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Joined: Mar 2004
Posts: 785
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BigB Offline OP
Member
Due to the high cost of dual meter packs I would like to use two side by side 100 amp meter combos for a two family complex. The dwellings are separate buildings, the service is overhead, and it is not feasable to put a service on each building. Both services will be on one dwelling, with an underground feed to a subpanel at the second dwelling.
To anyone who has done this, how did you set up the grounding electrode system. Will I need 2 rods for each service? I am thinking I can leave panel 1 with my GEC, hit the water and gas, hit the two rods then back up into panel 2.

Joined: Jun 2004
Posts: 613
S
Member
Your method of grounding will be code compliant.If you decide to use the metal underground water pipe for your electrode,250.52(A)(1)says there must be 10 feet or more of metal water pipe in direct contact with the earth. You must supplement the metal water pipe with an additional electrode specified in 250.52(A)(2) thru (A)(7), according to 250.53(D)(2)

If you select a rod,pipe,or plate eletrode then you must comply with 250.56 which states that you need 25 ohms or less or add a 2nd electrode.

You do not need 4 electrodes for one service drop to a building.See exsample exhibit 250.28 on page 201 of the 2002 NEC handbook.Although the exhibit is misleading in the picture as it shows the #2 GEC just ending without terminating at the service equipments grounded conductor as required by 250.24(A)(1)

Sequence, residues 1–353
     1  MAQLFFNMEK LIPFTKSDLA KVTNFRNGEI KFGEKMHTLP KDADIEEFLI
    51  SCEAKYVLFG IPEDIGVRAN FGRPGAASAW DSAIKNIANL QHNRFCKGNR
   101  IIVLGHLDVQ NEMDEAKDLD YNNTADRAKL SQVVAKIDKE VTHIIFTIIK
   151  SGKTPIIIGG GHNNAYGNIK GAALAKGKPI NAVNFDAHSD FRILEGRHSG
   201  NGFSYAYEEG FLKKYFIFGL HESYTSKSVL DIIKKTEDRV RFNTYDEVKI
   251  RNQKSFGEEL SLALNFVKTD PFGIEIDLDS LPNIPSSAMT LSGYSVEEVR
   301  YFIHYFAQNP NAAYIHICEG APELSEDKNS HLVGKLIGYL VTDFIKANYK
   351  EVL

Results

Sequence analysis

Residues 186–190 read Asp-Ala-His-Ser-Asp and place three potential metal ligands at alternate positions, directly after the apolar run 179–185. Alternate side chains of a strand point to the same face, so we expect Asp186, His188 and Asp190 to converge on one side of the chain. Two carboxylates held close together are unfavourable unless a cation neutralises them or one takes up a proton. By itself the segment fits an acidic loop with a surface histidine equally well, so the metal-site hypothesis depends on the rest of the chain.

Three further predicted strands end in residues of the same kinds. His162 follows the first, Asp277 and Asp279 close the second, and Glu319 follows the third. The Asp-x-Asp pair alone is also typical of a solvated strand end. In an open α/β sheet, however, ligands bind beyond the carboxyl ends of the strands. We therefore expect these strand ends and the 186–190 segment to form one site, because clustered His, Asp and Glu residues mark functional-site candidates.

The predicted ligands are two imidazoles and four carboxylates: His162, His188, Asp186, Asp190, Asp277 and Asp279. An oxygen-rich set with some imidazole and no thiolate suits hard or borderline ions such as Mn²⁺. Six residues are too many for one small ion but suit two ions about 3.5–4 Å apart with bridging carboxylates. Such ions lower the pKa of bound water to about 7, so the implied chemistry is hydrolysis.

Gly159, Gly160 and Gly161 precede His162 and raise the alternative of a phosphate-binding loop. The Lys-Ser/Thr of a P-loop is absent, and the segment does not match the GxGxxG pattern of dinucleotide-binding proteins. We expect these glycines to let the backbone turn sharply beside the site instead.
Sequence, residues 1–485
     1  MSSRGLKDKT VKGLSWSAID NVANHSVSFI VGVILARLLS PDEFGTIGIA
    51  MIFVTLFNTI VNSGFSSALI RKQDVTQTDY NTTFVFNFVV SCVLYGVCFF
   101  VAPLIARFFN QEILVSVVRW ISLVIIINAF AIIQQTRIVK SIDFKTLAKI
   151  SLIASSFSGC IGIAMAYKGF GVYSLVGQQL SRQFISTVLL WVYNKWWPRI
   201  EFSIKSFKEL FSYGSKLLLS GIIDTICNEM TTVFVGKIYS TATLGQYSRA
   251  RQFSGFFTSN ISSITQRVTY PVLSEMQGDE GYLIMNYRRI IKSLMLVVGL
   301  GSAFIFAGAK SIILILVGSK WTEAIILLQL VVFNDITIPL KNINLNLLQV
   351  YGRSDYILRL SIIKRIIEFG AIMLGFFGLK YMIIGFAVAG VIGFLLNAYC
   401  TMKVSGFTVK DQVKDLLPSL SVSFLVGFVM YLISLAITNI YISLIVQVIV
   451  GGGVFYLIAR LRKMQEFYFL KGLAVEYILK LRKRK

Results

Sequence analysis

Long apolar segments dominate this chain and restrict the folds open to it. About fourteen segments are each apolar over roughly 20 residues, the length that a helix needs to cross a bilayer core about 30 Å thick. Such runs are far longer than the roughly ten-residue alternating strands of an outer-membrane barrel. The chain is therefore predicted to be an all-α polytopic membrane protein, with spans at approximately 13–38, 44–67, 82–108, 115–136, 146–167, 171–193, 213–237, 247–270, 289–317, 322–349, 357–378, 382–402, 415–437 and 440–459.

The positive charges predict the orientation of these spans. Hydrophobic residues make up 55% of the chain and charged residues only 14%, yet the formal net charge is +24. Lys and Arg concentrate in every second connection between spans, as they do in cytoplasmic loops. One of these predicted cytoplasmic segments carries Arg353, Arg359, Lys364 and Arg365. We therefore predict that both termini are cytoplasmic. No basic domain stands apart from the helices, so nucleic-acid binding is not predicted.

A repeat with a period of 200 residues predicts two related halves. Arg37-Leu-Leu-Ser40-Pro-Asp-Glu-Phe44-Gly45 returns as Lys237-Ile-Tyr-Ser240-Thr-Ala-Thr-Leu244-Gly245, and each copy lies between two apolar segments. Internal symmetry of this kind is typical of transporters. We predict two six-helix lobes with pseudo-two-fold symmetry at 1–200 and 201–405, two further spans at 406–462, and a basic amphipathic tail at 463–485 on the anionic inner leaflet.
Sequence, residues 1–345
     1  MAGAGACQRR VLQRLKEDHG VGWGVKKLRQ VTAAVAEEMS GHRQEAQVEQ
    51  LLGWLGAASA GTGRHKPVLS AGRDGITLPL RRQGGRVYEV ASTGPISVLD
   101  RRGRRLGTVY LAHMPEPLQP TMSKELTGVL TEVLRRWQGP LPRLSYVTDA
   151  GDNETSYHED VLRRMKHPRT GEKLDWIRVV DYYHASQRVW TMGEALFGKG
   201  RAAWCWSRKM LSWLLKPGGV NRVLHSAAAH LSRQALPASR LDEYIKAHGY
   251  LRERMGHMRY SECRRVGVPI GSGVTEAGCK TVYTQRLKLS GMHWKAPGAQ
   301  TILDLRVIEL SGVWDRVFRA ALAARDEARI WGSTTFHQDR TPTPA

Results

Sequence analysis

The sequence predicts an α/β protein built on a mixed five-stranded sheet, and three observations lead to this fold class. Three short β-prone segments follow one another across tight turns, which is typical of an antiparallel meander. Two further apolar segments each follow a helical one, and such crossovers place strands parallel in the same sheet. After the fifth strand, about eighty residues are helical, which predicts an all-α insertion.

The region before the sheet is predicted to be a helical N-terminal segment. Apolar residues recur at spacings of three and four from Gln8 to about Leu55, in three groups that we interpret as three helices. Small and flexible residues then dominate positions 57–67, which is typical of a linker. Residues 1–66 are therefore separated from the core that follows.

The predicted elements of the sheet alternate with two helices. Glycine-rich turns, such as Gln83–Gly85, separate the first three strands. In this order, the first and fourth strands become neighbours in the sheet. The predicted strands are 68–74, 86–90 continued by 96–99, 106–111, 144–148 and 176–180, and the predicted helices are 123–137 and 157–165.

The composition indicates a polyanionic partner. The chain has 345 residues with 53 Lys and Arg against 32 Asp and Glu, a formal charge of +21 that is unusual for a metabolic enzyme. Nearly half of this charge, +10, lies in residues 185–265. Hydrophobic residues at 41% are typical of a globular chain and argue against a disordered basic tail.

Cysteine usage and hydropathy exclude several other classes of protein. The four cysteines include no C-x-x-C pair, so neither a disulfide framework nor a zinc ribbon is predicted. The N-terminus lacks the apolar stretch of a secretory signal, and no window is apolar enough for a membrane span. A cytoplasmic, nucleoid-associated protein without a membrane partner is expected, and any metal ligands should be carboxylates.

shortcircuit

Joined: May 2003
Posts: 2,876
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e57 Offline
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Yuo should probhably give the inspector a call on this one....... It is after all his/her call on this one. They might require one on each for the possible lot split. I however would use a 2-pack, or a main disconnect to gutter and 2 panels, and ground from the main, and a single riser. (Were you going to run 2 risers, one for each? The "high cost" of dual meter packs would be negated by not having to install two panels.)

shortcircuit, many local areas the AHJ may require more electrodes and bonding than the NEC requires. I too am required to hit two rods (or a ufa)and water and gas to the main, bond the water (Hot / cold). Its not NEC minimums, but it is a way of life. [Linked Image]


Mark Heller
"Well - I oughta....." -Jackie Gleason
Joined: Dec 2003
Posts: 751
E
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You still need ground rods at the second building. See 250.32


Earl
Joined: Jun 2004
Posts: 613
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Opps...my error...missed the seperate building part.I was thinking adjoined 2-family.

shortcircuit

Joined: Jun 2004
Posts: 613
S
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So then, BigB will also need a disconnect at the seperate building and it must be suitable as service equipment.And also a grounding electrode at the 2nd building as earlydean pointed out.

How about the water pipe though...is there a water line between the dwellings?

shortcircuit

Joined: Sep 2004
Posts: 167
S